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What is internal reliability? How can you assess it?
the consistency of the measure or test used in the study. Assess: using split half method- catergories split in half then 2 sets of responses for each half are compared.
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How can you improve internal reliability?
Change the questions that seem to be giving different results until split half methods indicate an improved correlation.
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What is external reliability? How can you assess it?
sometimes known as test-retest relability, it refers to the consistency of the study or measure from on occasion to the other. Assess: carrying out a test-retest (same questionnaire at two different times)
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How can you improve external reliability?
check the individual questions that dont correlate and change them (do another test-retest).
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Name the 3 measures of central tendency
Mean, median and mode
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Name the 2 measures of dispersion
Standard Deviation and range
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What is the standard deviation?
A measure of the spread of a given set of scores from the mean
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What is the range?
The difference between the highest and lowest scores in a given set of data
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What is nominal data?
Data that is in catergories which have verbal descriptions (e.g. ice cream flavours)
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What is ordinal data?
data that is in some kind of rank order (e.g. asking people to put photos in rank order of attractiveness)
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What is interval data?
When data is measured on a scale and there are equal intervals between the units on the scale (e.g. temperature at which people feel most aggressive)
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When results are found to be non-significant which hypothesis should be accepted?
the null hypothesis
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What is the usual alpha level needed in psychology to reject the null?
P= less than or equal to 0.05
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If P= less than or equal to 0.05 what is the probability of the null hypothesis being true?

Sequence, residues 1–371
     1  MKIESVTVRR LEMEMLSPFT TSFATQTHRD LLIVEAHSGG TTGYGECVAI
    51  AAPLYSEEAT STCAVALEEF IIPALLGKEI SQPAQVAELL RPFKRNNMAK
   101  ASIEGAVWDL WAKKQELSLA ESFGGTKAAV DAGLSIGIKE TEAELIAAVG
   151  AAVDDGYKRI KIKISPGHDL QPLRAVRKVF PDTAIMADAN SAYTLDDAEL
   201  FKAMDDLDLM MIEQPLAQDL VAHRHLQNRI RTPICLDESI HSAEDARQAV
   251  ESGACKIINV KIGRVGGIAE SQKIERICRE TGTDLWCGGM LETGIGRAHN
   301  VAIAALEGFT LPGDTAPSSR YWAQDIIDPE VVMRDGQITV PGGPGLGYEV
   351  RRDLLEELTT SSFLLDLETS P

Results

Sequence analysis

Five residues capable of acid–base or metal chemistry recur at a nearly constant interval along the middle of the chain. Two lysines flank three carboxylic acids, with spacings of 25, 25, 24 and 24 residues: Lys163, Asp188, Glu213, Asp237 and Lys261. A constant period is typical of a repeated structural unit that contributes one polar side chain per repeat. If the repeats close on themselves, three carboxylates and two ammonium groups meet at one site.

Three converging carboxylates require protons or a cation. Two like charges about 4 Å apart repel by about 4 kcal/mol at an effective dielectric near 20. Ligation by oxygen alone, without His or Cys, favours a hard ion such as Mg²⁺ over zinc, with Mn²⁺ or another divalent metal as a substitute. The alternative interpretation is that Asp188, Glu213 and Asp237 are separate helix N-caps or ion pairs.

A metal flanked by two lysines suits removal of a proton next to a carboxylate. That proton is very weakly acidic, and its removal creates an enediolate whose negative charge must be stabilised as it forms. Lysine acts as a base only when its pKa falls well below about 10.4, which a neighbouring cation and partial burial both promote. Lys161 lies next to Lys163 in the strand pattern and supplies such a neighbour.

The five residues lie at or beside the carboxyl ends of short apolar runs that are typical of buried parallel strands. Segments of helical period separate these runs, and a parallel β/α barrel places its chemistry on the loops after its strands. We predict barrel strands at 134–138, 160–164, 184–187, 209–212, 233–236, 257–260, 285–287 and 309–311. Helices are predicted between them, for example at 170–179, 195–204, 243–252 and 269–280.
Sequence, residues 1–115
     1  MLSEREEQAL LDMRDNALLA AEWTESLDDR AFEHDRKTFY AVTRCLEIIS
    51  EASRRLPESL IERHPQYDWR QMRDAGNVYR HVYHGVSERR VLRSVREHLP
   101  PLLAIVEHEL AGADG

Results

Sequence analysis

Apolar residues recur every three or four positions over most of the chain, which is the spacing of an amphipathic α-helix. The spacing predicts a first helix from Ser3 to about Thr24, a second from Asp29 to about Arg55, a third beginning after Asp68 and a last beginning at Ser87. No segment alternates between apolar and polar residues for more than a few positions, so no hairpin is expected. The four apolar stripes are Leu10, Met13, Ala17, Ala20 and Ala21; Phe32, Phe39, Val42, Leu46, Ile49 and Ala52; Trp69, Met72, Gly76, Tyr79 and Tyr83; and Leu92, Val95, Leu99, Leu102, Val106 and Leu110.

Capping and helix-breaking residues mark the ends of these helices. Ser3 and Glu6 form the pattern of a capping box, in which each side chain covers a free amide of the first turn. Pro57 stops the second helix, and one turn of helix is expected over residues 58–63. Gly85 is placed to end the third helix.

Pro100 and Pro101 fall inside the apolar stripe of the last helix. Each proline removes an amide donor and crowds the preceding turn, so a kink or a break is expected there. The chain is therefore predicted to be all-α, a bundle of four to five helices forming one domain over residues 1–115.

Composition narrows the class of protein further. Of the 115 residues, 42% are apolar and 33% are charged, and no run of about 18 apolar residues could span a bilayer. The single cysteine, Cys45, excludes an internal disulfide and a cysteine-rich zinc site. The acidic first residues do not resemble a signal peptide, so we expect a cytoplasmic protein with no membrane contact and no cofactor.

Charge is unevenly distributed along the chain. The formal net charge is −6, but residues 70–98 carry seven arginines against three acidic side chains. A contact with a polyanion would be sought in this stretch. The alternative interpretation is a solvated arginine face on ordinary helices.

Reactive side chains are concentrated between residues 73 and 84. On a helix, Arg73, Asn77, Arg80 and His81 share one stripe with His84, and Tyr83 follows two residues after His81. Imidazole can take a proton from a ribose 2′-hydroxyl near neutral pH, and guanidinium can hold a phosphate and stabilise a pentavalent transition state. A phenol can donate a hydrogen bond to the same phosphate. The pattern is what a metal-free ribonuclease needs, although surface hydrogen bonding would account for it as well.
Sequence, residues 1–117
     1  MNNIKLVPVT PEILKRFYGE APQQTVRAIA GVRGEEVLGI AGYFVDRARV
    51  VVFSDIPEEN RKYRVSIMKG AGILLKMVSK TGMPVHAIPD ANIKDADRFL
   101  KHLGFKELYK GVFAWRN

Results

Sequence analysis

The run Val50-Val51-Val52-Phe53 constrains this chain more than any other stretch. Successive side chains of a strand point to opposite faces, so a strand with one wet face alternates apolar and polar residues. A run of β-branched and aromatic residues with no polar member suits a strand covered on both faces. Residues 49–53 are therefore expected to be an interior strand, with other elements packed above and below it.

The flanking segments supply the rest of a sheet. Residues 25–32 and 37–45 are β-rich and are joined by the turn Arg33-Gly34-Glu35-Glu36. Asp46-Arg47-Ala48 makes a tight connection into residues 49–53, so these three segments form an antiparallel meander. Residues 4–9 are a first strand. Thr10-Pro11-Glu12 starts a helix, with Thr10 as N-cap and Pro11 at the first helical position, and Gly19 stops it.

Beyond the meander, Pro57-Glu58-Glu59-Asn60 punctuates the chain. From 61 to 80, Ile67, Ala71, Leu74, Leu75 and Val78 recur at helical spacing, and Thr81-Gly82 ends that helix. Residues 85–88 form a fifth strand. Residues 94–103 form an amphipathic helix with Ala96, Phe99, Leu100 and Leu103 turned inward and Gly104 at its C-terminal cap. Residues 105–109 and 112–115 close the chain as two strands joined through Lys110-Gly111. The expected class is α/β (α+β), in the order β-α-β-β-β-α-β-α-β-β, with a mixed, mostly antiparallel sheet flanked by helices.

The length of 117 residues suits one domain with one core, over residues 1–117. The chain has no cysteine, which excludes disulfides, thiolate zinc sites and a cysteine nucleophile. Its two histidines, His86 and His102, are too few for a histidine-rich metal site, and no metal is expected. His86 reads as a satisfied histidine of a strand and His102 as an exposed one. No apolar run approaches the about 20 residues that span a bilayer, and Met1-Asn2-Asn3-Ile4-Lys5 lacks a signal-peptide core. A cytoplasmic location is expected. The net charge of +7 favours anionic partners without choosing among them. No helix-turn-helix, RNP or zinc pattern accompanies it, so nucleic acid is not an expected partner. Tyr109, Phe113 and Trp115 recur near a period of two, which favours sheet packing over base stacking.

less than 5/100 or less than 5%
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If P= less than or equal to 0.025 what is the probability of the null hypothesis being true?
less than 2.5/100 or less than 2.5%
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If P= less than or equal to 0.01 what is the probability of the null hypothesis being true?
a lot less than 1/100 or a lot less than 1%
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why do psychologists have to decide what the value of P is?
in order to decide whether to accept the null or research hypothesis
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When may the alpha level be raised to P= less than or equal to 0.01?
if the research is socially sensitive a higher alpha level is chosen to ensure they are 99% certain their results are significant before they reject the null.
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What is a type 1 error?
When the null hypothesis is rejected but it should not have been (a false positive)
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What is a type 2 error?
When the null hypothesis is retained but it should not have been (a false negative)
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What kind of data are non-parametric tests used on?
Ordinal (you can convert interval/ratio data into ordinal simply by putting it in order)
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Name the non-parametric tests
Chi Squared, Wilcoxon, Mann-Whitney and Spearman's Rho
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If the study is looking at a correlation which test should be used?
Spearman's Rho
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If the study is looking at differences with ordinal data which test should be used?
Chi-Squared
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If the study is looking at differences with nominal data and repeated measures/matched pairs design which test should be used?
Wilcoxon
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If the study is looking at differences with nominal data and independent groups which test should be used?
Mann-Whitney
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What is the test result known as?
The observed value
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How do you find out the proability of this value being down ro chance?
Compare the observed value with the critical value
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What is the critical value?
an established value that already exists (you don't need to work it out)
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What 3 things can make the critical value vary?
Number of pariticipants (N), if the research hypothesis was one tailed or two tailed and the level of significance you are choosing.
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When using Chi-Squared how do you know if the results are signififcant?
The observed value has to be GREATER than or equal to the critical value.
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For Spearman's Rho how do you know if the results are signigicant?
The observed value has to be GREATER than or equal to the critical value.
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For Wilcoxon, how do you know if results are significant?
The observed value has to be equal to or LESS than the critical value
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For Mann-Whitney, how do you know if the results are significant?
The observed value has to be equal to or LESS than the critical value.